Managed Care Contracts – The Basics
Providers of health care services establish relationships with managed care organizations (MCOs) to participate in provider networks, health maintenance organizations, integrated delivery systems, value-based care programs and other health plan initiatives via contract. The contract defines and governs the relationship between the parties and sets forth rights and responsibilities. While managed care organizations typically proffer “boilerplate” contracts which include consistent provisions for all providers, it is important to review and be aware of specific contract language and negotiate terms as needed. Terms and obligations in the contract should be clear and allow for transparency regarding expectations and obligations, and providers should ensure they understand and agree with all terms, including those that pertain to reimbursement, practices and procedures, confidential records, clinical requirements and termination provisions.
Before Contracting with an MCO
Prior to entering into a contractual relationship with an MCO, a basic analysis should be conducted to find out more about the MCO and possibly bring to light considerations which may affect either contracting strategy or necessary contract provisions. Providers should determine the market share, product offerings, service area, financial solvency and reputation of the MCO. Does the MCO require providers to participate in all products or can providers choose amongst product offerings? Does the MCO have a reputation of paying providers accurately and on time? Does the MCO enjoy high patient satisfaction and employer/client retention? Is the organization for profit or nonprofit? What percentage of the MCO’s clients are self-insured vs fully insured? What is the role of the primary care or specialist physician? Which hospitals participate in each product offering and what is the physician/hospital termination rate?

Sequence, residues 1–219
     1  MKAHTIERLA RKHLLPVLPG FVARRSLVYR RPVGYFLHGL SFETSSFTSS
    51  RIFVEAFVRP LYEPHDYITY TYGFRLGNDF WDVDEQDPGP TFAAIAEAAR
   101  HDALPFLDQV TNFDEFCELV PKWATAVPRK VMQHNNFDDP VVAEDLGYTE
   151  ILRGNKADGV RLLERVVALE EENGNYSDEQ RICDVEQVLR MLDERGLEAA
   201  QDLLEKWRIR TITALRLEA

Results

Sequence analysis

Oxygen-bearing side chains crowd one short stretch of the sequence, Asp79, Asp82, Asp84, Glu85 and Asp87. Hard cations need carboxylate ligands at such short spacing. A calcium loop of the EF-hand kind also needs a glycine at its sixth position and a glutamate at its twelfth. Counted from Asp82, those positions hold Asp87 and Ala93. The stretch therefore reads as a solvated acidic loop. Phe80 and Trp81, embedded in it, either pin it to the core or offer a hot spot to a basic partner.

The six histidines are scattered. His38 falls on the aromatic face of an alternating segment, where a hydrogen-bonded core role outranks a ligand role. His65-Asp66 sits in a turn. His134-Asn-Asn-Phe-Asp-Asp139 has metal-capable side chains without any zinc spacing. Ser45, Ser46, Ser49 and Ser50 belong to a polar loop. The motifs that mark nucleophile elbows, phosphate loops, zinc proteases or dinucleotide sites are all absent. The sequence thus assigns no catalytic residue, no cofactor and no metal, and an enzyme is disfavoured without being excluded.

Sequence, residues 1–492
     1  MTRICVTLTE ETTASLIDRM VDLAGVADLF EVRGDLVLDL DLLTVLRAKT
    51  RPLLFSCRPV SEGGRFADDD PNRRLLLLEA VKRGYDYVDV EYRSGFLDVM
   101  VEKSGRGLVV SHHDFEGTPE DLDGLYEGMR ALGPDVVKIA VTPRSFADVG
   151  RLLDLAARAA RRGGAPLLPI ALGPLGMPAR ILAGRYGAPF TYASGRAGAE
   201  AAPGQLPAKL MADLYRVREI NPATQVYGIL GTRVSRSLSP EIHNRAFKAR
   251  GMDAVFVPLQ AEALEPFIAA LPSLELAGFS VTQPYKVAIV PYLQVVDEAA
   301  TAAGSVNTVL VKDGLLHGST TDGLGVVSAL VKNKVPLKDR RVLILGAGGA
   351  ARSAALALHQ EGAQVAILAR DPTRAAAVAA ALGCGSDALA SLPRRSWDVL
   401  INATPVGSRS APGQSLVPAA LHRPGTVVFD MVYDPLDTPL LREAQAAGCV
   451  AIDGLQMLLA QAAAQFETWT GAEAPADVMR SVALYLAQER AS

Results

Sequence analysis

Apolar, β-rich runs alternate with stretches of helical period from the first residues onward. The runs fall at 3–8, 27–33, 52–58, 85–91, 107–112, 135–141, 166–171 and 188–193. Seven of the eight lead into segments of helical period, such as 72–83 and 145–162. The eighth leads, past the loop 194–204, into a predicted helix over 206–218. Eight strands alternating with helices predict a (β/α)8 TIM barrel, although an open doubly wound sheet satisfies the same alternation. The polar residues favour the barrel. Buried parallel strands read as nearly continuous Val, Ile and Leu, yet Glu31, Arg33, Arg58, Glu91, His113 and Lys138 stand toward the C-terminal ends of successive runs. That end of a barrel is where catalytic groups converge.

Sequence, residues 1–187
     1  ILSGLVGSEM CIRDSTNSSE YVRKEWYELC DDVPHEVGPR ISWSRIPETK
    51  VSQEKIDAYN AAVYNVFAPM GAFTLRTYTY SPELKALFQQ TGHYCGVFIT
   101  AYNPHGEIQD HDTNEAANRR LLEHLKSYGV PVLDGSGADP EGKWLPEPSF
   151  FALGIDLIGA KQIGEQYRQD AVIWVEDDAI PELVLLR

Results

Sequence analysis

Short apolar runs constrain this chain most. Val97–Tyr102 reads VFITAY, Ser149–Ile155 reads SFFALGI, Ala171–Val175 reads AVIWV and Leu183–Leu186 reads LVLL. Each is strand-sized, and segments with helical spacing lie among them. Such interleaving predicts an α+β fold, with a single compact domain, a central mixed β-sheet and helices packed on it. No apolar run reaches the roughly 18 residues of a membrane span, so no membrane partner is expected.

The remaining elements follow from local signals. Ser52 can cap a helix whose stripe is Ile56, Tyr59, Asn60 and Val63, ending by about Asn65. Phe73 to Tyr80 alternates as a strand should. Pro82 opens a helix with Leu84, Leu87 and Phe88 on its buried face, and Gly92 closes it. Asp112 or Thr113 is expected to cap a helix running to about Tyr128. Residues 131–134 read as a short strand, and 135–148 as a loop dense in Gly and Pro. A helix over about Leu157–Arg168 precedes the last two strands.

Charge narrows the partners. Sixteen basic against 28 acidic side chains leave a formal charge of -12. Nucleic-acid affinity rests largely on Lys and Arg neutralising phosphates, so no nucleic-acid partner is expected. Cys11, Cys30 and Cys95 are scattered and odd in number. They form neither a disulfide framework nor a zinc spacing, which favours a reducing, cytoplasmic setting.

Terms of the Contract
Although most MCOs will initially submit a “boilerplate” contract, all contract language should be evaluated, especially the section covering Definition of Terms. While many providers overlook this section, the remainder of the contract will reference these definitions and restrict contract interpretation to adhere to these definitions. Covered Services should always be included and specifically listed as an Exhibit to the contract. Providers should ensure that they have carefully reviewed the list of Covered Services and are able to deliver all. If a provider does not or cannot deliver a particular service, it should be excluded from the list of Covered Services in the Exhibit.
While all managed care contracts limit covered services and reimbursement to those that are medically necessary, providers need to understand who will determine medical necessity. In recent years, MCOs have exercised broad power in limiting and redefining medical necessity and have linked medical necessity under the contract only to the provision of reimbursement, placing financial burden on the provider with respect to the decision to deliver appropriate treatment per the provider’s professional judgment.